The dominant culture is pro-monogamy. But there’s been a few studies to indicate that humans really aren’t truly monogamous for life. But rather than sanction ethical non-monogamy (ethical polyamory) and keep families intact, we sneak around and often enjoy the sneaking around BECAUSE of the heightened thrill sneaking around invokes (because at root, it’s deemed shameful), cheat, blame, divorce, and remarry with little concern for the effect on children. Try to have an open, honest, and informed conversation about polyamory and you’ll not get very far. Serial monogamy is sanctioned, but polyamory is not. It’s not because monogamy is inherently superior, but because people can hardly handle ONE relationship at a time. And it’s shameful to consider loving more than one person.

      And still another:

      There is a small but important population of underachieving gifted adults. I’ve spoken to many the world over via a message board for gifted adults. The NUMBER ONE issue they all faced was the stigmas associated with being gifted without emotional or financial support for their gifts. A young child’s precocity often irritates parents and teachers and if they question the teacher too much, there can be harsh consequences. They’ve been shunned by their chronological peers because of their out of the mainstream capacity for thought and barred from entering into the educational track where they can blossom. For some it’s due to financial constraints. For some women, it’s due to the fact that the most resources of the family go to the male offspring, not the females. In the workforce, the ideas generated by the gifted often go ignored. There is a high social cost for being highly intelligent and many gifted adults have been shamed throughout their lives for being intelligent.

      And my final example:

      How many adults have retained their creativity? Many children are naturally creative and express their creativity in original artwork. And how many teachers have squashed that natural capacity for originality by insisting that the product must accurately represent their subject (and therefore shaming the child)? The focus is on the product, NOT the process of creating. And of those children, how many grew up to retain free creative thought and expression? Most people have their capacity for creativity squashed by adulthood.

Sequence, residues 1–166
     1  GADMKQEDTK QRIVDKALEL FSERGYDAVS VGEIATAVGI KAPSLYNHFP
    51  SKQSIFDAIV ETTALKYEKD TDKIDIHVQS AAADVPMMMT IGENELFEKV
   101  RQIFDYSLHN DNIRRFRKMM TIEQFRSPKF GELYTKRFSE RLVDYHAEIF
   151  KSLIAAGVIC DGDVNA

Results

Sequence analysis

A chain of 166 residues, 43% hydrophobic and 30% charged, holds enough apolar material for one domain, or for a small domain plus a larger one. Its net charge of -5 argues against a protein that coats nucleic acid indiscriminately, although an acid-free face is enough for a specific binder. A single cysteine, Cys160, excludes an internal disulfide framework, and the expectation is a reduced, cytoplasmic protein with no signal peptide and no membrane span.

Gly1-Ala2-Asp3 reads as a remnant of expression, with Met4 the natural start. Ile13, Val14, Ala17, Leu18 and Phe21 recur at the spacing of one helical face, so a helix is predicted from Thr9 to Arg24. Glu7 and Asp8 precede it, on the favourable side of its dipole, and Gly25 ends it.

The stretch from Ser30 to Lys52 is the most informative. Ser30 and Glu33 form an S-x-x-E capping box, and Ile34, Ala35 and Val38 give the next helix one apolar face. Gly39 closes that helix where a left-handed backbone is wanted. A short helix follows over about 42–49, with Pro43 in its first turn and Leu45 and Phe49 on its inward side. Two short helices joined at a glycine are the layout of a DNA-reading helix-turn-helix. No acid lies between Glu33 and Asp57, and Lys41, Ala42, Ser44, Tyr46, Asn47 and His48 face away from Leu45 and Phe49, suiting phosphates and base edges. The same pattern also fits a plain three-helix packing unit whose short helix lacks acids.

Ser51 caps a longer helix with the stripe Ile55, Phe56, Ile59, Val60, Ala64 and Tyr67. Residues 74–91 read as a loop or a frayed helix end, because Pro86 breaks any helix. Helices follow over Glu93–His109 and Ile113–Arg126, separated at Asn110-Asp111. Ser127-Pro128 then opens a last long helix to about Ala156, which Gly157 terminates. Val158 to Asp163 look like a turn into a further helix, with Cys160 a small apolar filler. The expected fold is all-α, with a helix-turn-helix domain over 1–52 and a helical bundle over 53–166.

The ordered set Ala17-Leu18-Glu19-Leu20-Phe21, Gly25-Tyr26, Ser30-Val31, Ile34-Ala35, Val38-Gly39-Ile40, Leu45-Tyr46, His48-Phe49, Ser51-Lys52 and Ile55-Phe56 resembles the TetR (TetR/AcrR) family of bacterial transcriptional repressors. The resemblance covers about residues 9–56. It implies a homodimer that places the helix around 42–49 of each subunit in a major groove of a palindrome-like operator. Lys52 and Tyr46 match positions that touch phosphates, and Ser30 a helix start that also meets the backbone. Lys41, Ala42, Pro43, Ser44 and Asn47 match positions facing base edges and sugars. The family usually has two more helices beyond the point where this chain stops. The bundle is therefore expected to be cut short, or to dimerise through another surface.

Do you have 20 minutes to listen to this TED talk by Sir Ken Robinson about how schools kill creativity?

      He’s got other beautiful TED talks about changing educational paradigms…I’d encourage you to check out.

      Yes, this has been something I’ve been thinking about for a long time. Shame is what keeps people from truly knowing and accepting themselves and what they can’t accept in themselves they can’t accept in others, and shame keeps us from honest expression and true communion with others. Feel free to read some of my other musings on related topics



      Thanks for the comment.

      • billgncs says:

        I have seen that lecture – our schools are designed to make drones – but our whole culture is really about finding square pegs for square holes sitting in cubicles or factories.

        From my own experiences, I have found lack of love to be at the core of most issues.

        Here’s a lecture by a young man who was defined as autistic as a youth… Watch the vid – it is very interesting


        • Casey says:

          I’ve always been intrigued with genius, creativity, and autism (among a blizzard of other pet interests). Thanks for sharing the link. I’d be really interested in following up on that family, particular since they are fellow Hoosiers. As for me, my IQ is much, much lower. At least 120 (I didn’t have formal IQ tests, I took other tests converted into IQ). I’m dumb as toast in comparison, LOL.

          I’ve worked with some autistic/Aspergian kids as as substitute teacher. I am always intrigued by their minds and the minds of the ADHD/ADDers. They are some of the most creative kids I’d ever seen…

          I’d have to agree with your comment about lack of love. But not romantic love. Whitney Houston had it right when she said the greatest love of all is loving oneself. Not in a narcissistic way, but in nourishing oneself first before spreading it around to others. We should have been taught we had value as children by our parents That didn’t happen so much because traditionally we were conditioned to value the thinking life over the feeling life. The mind over the soul. Technology over poetry. Product over process.

          At any rate, so glad for the dialogue. I decided to check out your blog and I gave you a follow.

          I’ll check out the video later, I have some housework to do (never ends round here…)

          Be well.

          From one square peg….